Television: a portrait of the world in 10 documentaries

Television: A portrait of the world in 10 documentaries

UPGRADE DAY

We live in an almost anxiety-provoking time. Wars that one might think of another era are raging under our helpless gaze. A labor shortage. An exploding healthcare system. A failing education system. A warming planet. Abuses. Inflation. Growing poverty. A lack of openness. Documentaries point us to our world, paint a portrait of it and allow us to take a sharper look at it. 

Essentials

We talk a lot about immigration, but aside from the issue of quotas, we often don't dwell on the real issues or the rights and to the place occupied by new arrivals. Sonia Djelidi, human rights activist and committed citizen whom we saw in the 2020 documentary Breaking the code, teams up with Sarah Champagne, journalist at Devoir,and director Ky Vy Le Duc to investigate. It is well known that newcomers often find themselves in precarious jobs. If we cross the fields or spend time in a hospital, we see these workers who occupy an essential place while their conditions are derisory. A situation as unjust as it is inconceivable that we must remedy.

January 25, 8 p.m. on Télé-Québec 

Addicted: addiction disorders

There are many addiction issues. Emotional addiction, drugs, alcohol, gambling, adrenaline, you name it. As part of Bell Let's Talk Day, Marie-Mai meets people who suffer from it. Relatives also who testify, helpless, of people who got away with it. It will try to better understand them, assess the issues and highlight their impact. Marianne St-Gelais and Sophie Nélisse are among those met.

January 25 at 7 p.m. on Canal vie and January 27 at 9 p.m. on Noovo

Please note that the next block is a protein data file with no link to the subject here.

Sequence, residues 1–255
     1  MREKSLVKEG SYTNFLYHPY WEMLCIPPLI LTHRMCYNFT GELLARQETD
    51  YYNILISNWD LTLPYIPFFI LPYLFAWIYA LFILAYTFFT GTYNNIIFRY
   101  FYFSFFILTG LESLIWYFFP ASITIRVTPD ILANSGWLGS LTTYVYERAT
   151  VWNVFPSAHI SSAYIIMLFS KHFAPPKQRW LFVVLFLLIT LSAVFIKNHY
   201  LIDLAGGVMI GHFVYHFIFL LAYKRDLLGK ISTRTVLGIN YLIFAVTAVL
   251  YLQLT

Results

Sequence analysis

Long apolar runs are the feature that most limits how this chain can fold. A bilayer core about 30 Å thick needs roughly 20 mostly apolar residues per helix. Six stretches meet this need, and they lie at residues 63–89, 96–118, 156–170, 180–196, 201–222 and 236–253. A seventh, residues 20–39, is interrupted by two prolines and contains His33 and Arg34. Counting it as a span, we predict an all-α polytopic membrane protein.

For a culture of consent

It is said that one in three women is a victim of sexual assault in Canada. Only 5% of assaults are reported to the police. And despite the #MeToo movement, abusers are still rampant and women are silent. It's disturbing to see how little progress is being made. Directors Jonathan and Jean-Laurence Seaborn looked into the matter. They were interested in Mélanie Lemay, co-founder of the Quebec movement against sexual violence and also testify to the daily life of the organization Viol-Secours. A work they carried out for four years, while the number of denunciations grew to initiate a change in culture and bring to light the inconceivable. They give victims a voice, show the importance of social and collective responsibility and paint an optimistic picture of the future in a struggle that is far from over.

January 21 10:30 p.m. on ICI Télé 

Les femmes de Raël

Sectarian movements wreak havoc. Raël has plagued Quebec for decades. His followers were completely devoted to him. Eryka Reyburn followed Sylvie and Martine, two women who spent a long part of their lives (25 years) under the yoke of the man with the hat. They return to the places that have limited, isolated, blinded them. This domain of Valcourt where Rael was king. Two intelligent, educated, free women. They are proof that a guru can scam anyone. And that once in gear, this way of life takes over. These women, like so many other disciples, sacrificed themselves for the one they saw as a god. Under cover of science, Raël exploited women, created victims.